NORTH CENTRAL PENNSYLVANIA TRIAL LAWYERS ASSOCIATION v. WEAVER

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Commonwealth Court of Pennsylvania.

NORTH-CENTRAL PENNSYLVANIA TRIAL LAWYERS ASSOCIATION by John M. Humphrey, Esq., Trustee ad Litem and John M. Humphrey, Esq., Individually, Petitioners, v. Honorable C. Michael WEAVER, Secretary of the Commonwealth of Pennsylvania and Commonwealth of Pennsylvania, Respondents.

Decided: June 18, 2003

BEFORE:  COLINS, President Judge, McGINLEY, Judge, SMITH-RIBNER, Judge, PELLEGRINI, Judge, FRIEDMAN, Judge, LEADBETTER, Judge, and SIMPSON, Judge. Clifford A. Rieders, Williamsport, for petitioners. Amanda L. Smith, Harrisburg, for respondents.

Honorable C. Michael Weaver, Secretary of the Commonwealth of Pennsylvania, and the Commonwealth of Pennsylvania (together, the Commonwealth) have filed preliminary objections to a complaint filed in this Court's original jurisdiction by the Petitioners North-Central Pennsylvania Trial Lawyers Association (NCPaTLA) and John M. Humphrey, Esq., individually, seeking a declaration that the Act of October 17, 2002, No.2002-127, P.L. 880 (Act 127), relating in part to venue in medical professional liability actions, is unconstitutional.   The Commonwealth asserts that NCPaTLA lacks standing to bring this suit and that Petitioners fail to state a claim upon which relief may be granted because Act 127 does not offend any of the constitutional provisions cited.

I

When Senate Bill 138 (SB 138) was introduced in the Senate on January 26, 2001 its title was:  “AN ACT Amending Title 42 (Judiciary and Judicial Procedure) of the Pennsylvania Consolidated Statutes, providing for compensation of multicounty investigating grand jurors and reimbursement to counties.”   After the Senate Appropriations Committee considered the bill and removed the reference to reimbursement in the title, the Senate considered it for a third time and passed it on February 12, 2001.   SB 138 was referred to the House Judiciary Committee on February 14, 2001.   It was reported as committed and first considered by the House of Representatives on November 13, 2001.   Second consideration occurred on November 14, 2001.   The bill was re-referred to the House Judiciary Committee.   It was reported as committed and re-referred several times before being amended by that committee to add provisions relating to venue in medical professional liability actions and being re-reported on October 1, 2002.

The amendments proposed a new Section 5101.1 of the Judicial Code, relating to venue in medical professional liability actions, and a corresponding reference in Section 931(c), 42 Pa.C.S. § 931(c), relating to venue and process.   Proposed Section 5101.1(a) declared as a policy the need to change venue requirements for medical professional liability actions, and Section 5101.1(b) provided:  “Notwithstanding any other provision to the contrary, a medical professional liability action may be brought against a health care provider for a medical professional liability claim only in the county in which the cause of action arose.”   The title at this time was:  “AN ACT Amending Title 42 (Judiciary and Judicial Procedure) of the Pennsylvania Consolidated Statutes, providing for venue and for compensation of multicounty investigating grand jurors.”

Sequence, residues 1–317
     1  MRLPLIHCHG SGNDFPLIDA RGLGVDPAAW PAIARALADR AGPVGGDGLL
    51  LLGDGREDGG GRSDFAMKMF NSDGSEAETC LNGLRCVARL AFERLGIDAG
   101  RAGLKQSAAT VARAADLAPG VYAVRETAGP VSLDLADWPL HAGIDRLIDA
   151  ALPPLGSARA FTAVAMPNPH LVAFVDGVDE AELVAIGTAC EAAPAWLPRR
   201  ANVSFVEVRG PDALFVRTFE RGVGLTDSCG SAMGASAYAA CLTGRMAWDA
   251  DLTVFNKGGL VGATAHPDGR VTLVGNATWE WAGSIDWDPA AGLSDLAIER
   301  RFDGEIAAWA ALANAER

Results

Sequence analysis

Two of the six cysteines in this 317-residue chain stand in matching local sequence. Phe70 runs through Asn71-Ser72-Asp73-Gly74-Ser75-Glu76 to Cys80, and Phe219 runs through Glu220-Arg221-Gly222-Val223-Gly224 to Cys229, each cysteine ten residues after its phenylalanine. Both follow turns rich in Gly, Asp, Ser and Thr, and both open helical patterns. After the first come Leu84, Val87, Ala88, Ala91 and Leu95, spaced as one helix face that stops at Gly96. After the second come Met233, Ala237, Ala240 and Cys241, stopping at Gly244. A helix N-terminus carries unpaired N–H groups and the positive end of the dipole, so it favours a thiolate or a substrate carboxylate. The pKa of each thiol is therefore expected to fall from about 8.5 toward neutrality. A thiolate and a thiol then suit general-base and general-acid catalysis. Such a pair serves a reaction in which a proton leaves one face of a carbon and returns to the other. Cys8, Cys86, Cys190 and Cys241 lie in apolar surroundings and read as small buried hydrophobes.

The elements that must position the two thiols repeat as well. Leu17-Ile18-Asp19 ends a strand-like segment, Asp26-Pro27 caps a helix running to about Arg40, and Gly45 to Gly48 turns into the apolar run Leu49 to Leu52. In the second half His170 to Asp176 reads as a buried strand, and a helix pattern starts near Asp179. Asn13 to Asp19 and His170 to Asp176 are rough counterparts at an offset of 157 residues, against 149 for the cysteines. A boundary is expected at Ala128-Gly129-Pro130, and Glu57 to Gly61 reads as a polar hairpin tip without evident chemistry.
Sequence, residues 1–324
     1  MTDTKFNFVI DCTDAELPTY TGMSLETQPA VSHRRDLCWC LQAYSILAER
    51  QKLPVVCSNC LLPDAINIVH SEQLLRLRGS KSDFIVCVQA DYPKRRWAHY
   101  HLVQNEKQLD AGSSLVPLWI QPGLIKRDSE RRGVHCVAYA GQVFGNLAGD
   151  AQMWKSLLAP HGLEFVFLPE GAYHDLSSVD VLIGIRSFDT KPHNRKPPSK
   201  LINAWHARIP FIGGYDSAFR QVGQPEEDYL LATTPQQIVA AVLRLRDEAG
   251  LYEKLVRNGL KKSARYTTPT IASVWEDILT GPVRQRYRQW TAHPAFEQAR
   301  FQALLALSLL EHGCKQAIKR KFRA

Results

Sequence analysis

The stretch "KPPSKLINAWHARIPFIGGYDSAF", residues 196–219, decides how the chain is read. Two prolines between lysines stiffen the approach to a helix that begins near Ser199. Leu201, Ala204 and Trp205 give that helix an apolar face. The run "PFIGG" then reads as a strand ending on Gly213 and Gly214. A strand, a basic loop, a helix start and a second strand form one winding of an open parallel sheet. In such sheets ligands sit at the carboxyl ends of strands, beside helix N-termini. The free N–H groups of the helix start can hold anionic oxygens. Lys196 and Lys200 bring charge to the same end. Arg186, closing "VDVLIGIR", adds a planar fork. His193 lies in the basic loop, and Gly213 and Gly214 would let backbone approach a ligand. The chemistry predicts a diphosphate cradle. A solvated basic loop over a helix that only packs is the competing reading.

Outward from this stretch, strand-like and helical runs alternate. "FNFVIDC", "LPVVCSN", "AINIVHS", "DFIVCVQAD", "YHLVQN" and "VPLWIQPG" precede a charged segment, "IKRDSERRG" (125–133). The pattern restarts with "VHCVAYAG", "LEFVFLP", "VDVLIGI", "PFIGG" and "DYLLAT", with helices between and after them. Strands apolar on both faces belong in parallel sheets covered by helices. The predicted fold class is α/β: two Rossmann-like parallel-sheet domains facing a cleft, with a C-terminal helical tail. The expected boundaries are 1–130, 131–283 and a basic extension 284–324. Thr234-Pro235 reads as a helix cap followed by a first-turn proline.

On third consideration in the House, on October 7, 2002, SB 138 was further amended to add language to Section 5981, 42 Pa.C.S. § 5981, directing the media to use significant restraint and caution in revealing information that would disclose the names or addresses of child victims of crimes or witnesses, and also to make significant changes to provisions of the Act known as the Pennsylvania “Megan's Law,” Sections 9795.2(a) and (c), 9795.3 and 9799.1(4) of the Sentencing Code, 42 Pa.C.S. §§ 9795.2(a) and (c), 9795.3 and 9799.1(4), relating to the registration of offenders and sexually violent predators and to information required to be supplied by a sentencing court to an offender, by an offender to the Pennsylvania State Police and by the State Police to local police departments.1  SB 138 was passed in the House on October 7, 2002, and it was referred to the Senate Rules Committee and re-reported, as committed, on October 8. The Senate concurred in the House amendments on October 9, 2002, and SB 138 was signed in both houses on that date.   The Governor signed it into law on October 17, 2002.

 On November 13, 2002, Petitioners filed the present petition for review in the nature of a complaint in this Court's original jurisdiction pursuant to the Declaratory Judgments Act, 42 Pa.C.S. §§ 7531-7541.   They requested a declaration that Act 127 is unconstitutional, null and void, that it violates the equal protection mandates of the federal and state Constitutions and that the actions of the legislature and the Governor were beyond their jurisdiction or permissive authority, and they sought an order enjoining codification of Act 127.2  The Commonwealth filed preliminary objections as described above.3

II